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Wednesday February 21, 2018 17:12 PST

Olympic National Park News Release

Lake Crescent Spruce Railroad Trail Project Resumes March 1


Spruce Railroad Trail work ONP 022118  map courtesy Olympic National Park
Spruce Railroad Trail work ONP 022118  map courtesy Olympic National Park

PORT ANGELES, WA:  The next phase of improvements to the Spruce Railroad Trail is set to begin March 1. During this phase, one mile of the trail on the western end will be closed beginning at the Camp David Jr. Road Trailhead. The trail will remain open for use on the eastern end for 2.7 miles—from the Lyre River Trailhead to the Daley Rankin Tunnel.

This phase is scheduled to be completed by the end of July 2018 and includes bank stabilization, culvert installation, and trail improvements matching the one mile section completed last year from the Lyre River Trailhead to the newly restored McFee Tunnel.

“When this project is completed in 2019 there will be nearly ten miles of universally accessible trail along the beautiful north shore of Lake Crescent,” said Olympic National Park Superintendent Sarah Creachbaum. “I deeply appreciate our continued collaboration with Clallam County and the Federal Highway Administration.”

Future project work will include paving the Lyre River Trailhead parking lot, restoring the Daley Rankin Tunnel, and finishing the remaining trail improvements. Paving the length of the trail will occur in the final phase. Completion of the Spruce Railroad Trail project is anticipated in late 2019.

The Spruce Railroad Trail improvements are part of a multi-year collaborative project to establish the entire 10 mile length of the trail as a universally accessible, multipurpose trail to be shared by hikers, bicyclists, equestrians and people traveling in wheelchairs. Clallam County and Olympic National Park are jointly funding the project and have contracted with Bruch & Bruch Construction of Port Angeles to complete the work.  Federal Highway Administration staff provide construction management and general contract oversight.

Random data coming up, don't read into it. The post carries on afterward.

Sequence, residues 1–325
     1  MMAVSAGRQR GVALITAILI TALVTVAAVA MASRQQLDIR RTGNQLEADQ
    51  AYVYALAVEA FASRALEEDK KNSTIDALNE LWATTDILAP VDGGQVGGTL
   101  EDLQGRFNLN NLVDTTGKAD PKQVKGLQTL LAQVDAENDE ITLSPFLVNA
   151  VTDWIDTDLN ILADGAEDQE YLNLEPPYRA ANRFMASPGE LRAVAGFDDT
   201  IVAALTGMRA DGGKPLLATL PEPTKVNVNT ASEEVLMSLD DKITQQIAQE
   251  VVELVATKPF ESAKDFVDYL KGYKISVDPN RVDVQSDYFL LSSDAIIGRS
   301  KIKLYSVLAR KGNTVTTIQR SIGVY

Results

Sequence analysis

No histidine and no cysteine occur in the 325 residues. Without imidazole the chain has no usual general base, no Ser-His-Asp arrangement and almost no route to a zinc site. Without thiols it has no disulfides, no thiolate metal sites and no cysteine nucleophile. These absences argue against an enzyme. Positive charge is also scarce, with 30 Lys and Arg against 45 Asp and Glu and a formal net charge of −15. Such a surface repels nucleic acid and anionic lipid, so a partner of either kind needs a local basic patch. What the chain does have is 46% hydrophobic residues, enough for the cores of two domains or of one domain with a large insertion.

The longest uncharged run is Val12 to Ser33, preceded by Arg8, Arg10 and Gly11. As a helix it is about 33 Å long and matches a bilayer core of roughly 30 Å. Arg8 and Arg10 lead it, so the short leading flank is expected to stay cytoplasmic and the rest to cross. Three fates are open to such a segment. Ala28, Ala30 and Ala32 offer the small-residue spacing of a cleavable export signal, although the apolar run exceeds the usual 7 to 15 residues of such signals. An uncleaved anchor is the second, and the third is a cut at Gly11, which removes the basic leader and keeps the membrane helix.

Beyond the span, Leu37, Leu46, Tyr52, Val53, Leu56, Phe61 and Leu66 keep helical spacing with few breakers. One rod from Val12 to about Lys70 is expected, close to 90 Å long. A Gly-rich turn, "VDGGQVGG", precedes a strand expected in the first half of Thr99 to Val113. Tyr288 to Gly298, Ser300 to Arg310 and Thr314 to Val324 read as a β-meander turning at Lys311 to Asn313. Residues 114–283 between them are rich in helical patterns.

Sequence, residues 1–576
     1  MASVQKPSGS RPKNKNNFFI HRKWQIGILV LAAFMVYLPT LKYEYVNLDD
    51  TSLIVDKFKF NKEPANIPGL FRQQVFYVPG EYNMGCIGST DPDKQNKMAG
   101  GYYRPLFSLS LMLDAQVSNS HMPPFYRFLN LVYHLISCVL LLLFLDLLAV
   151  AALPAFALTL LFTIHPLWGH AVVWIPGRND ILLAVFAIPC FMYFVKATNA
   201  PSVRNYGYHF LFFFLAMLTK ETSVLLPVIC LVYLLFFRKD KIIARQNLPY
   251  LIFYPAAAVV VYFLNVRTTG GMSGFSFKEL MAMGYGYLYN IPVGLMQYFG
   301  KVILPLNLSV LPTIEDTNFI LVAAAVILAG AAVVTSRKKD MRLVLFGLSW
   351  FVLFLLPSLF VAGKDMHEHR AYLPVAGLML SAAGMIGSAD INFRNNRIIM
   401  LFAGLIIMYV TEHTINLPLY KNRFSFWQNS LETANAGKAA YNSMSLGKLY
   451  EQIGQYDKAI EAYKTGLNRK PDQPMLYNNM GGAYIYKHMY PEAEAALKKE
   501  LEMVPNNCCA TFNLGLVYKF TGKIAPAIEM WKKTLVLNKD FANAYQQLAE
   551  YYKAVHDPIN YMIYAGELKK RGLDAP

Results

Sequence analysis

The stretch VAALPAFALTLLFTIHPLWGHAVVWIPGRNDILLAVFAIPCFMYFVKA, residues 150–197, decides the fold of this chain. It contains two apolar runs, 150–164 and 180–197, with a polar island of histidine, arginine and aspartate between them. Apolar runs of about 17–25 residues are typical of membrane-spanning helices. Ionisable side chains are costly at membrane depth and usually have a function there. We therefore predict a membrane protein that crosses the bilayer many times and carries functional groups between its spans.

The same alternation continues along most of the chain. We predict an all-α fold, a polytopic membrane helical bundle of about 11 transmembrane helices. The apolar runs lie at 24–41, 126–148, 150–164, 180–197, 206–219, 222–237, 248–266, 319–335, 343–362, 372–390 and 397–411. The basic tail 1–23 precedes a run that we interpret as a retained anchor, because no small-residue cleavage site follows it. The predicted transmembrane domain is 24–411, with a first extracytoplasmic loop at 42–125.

The Spruce Railroad Trail follows the historic railroad grade of the Spruce Railroad, built in 1918 and abandoned in 1951. When the project is completed  in 2019 it will become a signature piece of the 134-mile long Olympic Discovery Trail that will eventually connect Port Townsend to La Push—Puget Sound to the Pacific Ocean.

For current trail, road and travel information, visitors should consult the park website at www.nps.gov/olym or call the recorded Road and Weather Hotline at 360-565-3131.

--NPS--

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"I shall wear white flannel trousers, and walk upon the beach. 
I have heard the mermaids singing, each to each."
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PostSat Feb 24, 2018 1:32 am 
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It will be interesting to check it out when it’s completed.

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Quark
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PostTue Feb 27, 2018 8:39 am 
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Thanks, Ski! Great update & history.

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PostFri Jun 22, 2018 10:37 pm 
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Friday June 22, 2018 14:12 PDT

Olympic National Park News Release

Lake Crescent Spruce Railroad Trail Now Open on Western End


PORT ANGELES, WA:  The full length of the Spruce Railroad Trail is now open following the latest phase of improvements by Bruch & Bruch Construction of Port Angeles. Parking for the western end of the trail on Camp David Jr. Road will be located at the North Shore Picnic Area this summer.

This latest phase included bank stabilization, culvert installation, and trail improvements matching the one-mile section completed last year from the Lyre River Trailhead to the newly restored McFee Tunnel. Work will resume in October 2018 west of the Daley Rankin Tunnel to complete retaining wall work. Trail users can expect the same one-mile closure of the trail on the western end as this latest phase.

“When this project is completed in 2019 there will be nearly ten miles of universally accessible trail along the beautiful north shore of Lake Crescent,” said Olympic National Park Superintendent Sarah Creachbaum. “I deeply appreciate our continued collaboration with Clallam County and the Federal Highway Administration.”

Future project work will include paving the Lyre River Trailhead parking lot, restoring the Daley Rankin Tunnel, and finishing the remaining trail improvements. Paving the length of the trail will occur in the final phase.

The Spruce Railroad Trail improvements are part of a multi-year collaborative project to establish the entire 10-mile length of the trail as a universally accessible, multipurpose trail to be shared by hikers, bicyclists, equestrians and people traveling in wheelchairs. Clallam County and Olympic National Park are jointly funding the project. Federal Highway Administration staff provide construction management and general contract oversight.